Posted by Elena del Valle on March 15, 2013
How to Say It book cover
Photo: Berkley Publishing Group
In How to Say It: Creating Complete Customer Satisfaction Winning Words, Phrases and Strategies to Build Lasting Relationships in Sales and Service (Prentice Hall Press, $18) Jack Griffin sets out to share practical, results-oriented guidance for effective communication with customers through sample words, phrases, scripts, and strategies applied to real-world examples.
A communications expert and consultant to small businesses, entrepreneurs, cultural institutions, and publishers Griffin has authored other How to Say It titles including How to Say It at Work with estimated sales of 235,000. In this title, published in 2013, he outlines ways to use language to create satisfaction in the customer experience and in the sales-service cycle.
He discusses sales and customer service issues in an integrated way because he believes it reflects today’s business reality and a model that identifies customers as more than individuals to sell to but also as individuals to be satisfied. He thinks that management increasingly expects sales staff to address customer service issues that in the past might have been passed on to the customer service department. At the same time, management expects customer service staff to assist with customer purchases, particularly when it comes to upgrading, upselling, and customer communities promotions.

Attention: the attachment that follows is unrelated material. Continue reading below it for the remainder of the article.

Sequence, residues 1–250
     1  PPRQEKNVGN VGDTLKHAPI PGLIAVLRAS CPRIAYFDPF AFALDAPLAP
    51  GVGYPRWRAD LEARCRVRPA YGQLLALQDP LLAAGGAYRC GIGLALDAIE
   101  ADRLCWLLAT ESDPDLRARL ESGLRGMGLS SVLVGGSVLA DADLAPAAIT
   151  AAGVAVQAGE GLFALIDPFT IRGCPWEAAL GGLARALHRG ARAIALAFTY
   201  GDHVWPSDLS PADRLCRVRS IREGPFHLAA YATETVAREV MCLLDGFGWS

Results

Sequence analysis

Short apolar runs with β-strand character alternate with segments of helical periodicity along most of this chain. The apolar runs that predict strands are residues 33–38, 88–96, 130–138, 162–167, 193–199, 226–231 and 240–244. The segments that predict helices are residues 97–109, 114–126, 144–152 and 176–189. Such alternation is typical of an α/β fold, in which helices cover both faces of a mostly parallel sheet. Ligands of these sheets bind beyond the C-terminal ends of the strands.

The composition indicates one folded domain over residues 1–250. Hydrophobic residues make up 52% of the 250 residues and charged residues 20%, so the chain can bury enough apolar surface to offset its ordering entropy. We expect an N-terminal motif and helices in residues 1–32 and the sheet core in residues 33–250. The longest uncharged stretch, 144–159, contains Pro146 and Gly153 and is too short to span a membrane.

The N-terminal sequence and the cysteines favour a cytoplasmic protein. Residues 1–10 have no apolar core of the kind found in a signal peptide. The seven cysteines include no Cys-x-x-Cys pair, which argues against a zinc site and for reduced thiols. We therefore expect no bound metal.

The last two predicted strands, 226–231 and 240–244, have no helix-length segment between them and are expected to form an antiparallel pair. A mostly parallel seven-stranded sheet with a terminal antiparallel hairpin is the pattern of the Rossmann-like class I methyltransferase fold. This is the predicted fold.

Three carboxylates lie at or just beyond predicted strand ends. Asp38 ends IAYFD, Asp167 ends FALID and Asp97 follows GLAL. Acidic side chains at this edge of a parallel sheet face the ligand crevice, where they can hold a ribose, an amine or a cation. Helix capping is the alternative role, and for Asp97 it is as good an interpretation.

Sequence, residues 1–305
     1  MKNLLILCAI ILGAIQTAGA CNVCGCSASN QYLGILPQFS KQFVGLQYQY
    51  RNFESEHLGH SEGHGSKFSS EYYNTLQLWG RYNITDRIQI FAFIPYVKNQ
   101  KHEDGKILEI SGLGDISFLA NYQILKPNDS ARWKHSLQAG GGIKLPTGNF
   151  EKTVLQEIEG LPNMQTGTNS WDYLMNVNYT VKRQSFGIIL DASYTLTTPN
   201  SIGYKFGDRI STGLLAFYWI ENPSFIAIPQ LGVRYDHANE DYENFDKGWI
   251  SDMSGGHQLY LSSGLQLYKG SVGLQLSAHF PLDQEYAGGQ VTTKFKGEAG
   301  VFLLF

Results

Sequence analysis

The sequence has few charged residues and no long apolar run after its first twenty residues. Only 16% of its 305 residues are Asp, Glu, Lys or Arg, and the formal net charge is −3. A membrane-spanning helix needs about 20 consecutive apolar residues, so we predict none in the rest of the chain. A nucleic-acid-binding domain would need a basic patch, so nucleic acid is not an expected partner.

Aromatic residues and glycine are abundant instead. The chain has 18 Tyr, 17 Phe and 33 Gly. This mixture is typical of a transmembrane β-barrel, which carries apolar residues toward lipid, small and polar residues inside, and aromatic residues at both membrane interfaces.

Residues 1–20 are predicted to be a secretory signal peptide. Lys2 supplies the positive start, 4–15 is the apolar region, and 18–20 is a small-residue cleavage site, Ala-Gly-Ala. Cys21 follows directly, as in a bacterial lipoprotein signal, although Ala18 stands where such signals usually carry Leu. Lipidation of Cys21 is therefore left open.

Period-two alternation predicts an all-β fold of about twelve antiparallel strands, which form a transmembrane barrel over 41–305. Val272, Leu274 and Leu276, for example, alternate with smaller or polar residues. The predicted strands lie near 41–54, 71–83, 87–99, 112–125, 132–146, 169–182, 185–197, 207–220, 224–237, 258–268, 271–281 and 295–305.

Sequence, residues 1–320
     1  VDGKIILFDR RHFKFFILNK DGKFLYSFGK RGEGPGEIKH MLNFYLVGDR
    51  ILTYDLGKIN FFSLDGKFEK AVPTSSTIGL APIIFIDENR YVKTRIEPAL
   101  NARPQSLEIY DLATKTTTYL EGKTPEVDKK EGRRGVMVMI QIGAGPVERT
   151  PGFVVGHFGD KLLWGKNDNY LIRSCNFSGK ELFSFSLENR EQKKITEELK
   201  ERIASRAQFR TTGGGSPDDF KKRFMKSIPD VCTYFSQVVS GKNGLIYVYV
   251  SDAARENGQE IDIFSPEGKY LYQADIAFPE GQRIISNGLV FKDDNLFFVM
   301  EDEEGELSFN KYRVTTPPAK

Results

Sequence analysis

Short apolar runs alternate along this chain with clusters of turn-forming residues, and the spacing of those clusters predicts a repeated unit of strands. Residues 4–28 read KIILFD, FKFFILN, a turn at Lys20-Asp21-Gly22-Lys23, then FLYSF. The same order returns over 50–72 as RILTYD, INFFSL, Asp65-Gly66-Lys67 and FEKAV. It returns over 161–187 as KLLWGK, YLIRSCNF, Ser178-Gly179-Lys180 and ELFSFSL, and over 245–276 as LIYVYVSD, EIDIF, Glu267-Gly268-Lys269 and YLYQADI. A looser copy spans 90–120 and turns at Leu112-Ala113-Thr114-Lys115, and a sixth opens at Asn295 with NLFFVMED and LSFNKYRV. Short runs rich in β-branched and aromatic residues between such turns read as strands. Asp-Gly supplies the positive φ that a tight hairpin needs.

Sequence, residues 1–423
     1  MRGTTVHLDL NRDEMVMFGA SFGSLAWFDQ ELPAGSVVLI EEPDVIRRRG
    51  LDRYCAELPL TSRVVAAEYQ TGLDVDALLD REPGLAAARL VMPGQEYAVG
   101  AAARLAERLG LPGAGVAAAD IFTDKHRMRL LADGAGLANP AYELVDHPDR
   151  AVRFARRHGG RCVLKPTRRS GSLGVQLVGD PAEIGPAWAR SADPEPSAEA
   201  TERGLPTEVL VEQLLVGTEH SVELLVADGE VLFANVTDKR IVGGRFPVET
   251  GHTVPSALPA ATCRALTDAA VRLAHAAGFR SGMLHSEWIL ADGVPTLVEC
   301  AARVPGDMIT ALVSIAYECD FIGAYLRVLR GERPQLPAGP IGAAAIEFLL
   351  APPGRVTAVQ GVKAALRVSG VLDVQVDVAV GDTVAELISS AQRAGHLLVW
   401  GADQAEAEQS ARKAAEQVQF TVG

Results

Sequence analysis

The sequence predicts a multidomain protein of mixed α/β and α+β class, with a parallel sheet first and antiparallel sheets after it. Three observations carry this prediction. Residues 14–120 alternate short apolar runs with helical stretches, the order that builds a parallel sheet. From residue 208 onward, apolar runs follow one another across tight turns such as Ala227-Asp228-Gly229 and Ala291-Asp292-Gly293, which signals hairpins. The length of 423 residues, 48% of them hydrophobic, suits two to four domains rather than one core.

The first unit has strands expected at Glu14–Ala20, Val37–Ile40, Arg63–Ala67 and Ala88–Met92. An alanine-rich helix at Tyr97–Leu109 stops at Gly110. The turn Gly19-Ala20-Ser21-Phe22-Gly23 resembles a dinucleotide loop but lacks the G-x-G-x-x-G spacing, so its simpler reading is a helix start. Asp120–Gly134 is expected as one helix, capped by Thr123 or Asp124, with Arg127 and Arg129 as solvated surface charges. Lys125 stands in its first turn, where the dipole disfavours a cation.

The 260-page softcover book is divided into 18 chapters and three parts: Speak the Language of Yes, Master the Situation, and Speak the Language of Complete Satisfaction.
The author begins by addressing communication that focuses on the customer, his or her needs and wants, ways to identify new customers, developing customer loyalty, overcoming resistance and using language to close. In Chapter 13, he shares examples of a variety of words for different occasions. In the Words of Credibility section, he recommends readers use words that develop confidence and trust and not get carried away making promises they can’t keep. Examples of such words he lists are guarantee, integrity, commitment, absolute and ethical.